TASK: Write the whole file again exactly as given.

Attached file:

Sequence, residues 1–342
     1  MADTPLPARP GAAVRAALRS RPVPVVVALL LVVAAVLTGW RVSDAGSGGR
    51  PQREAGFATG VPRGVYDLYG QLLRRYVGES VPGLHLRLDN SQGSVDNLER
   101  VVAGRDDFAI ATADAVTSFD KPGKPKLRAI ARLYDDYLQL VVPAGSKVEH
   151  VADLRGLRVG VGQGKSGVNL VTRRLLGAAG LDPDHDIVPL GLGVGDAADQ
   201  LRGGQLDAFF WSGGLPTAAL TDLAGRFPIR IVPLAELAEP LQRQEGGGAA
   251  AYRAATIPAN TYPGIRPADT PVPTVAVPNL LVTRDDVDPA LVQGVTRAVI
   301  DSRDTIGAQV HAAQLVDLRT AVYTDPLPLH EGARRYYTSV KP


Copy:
Sequence, residues 1–342
     1  MADTPLPARP GAAVRAALRS RPVPVVVALL LVVAAVLTGW RVSDAGSGGR
    51  PQREAGFATG VPRGVYDLYG QLLRRYVGES VPGLHLRLDN SQGSVDNLER
   101  VVAGRDDFAI ATADAVTSFD KPGKPKLRAI ARLYDDYLQL VVPAGSKVEH
   151  VADLRGLRVG VGQGKSGVNL VTRRLLGAAG LDPDHDIVPL GLGVGDAADQ
   201  LRGGQLDAFF WSGGLPTAAL TDLAGRFPIR IVPLAELAEP LQRQEGGGAA
   251  AYRAATIPAN TYPGIRPADT PVPTVAVPNL LVTRDDVDPA LVQGVTRAVI
   301  DSRDTIGAQV HAAQLVDLRT AVYTDPLPLH EGARRYYTSV KP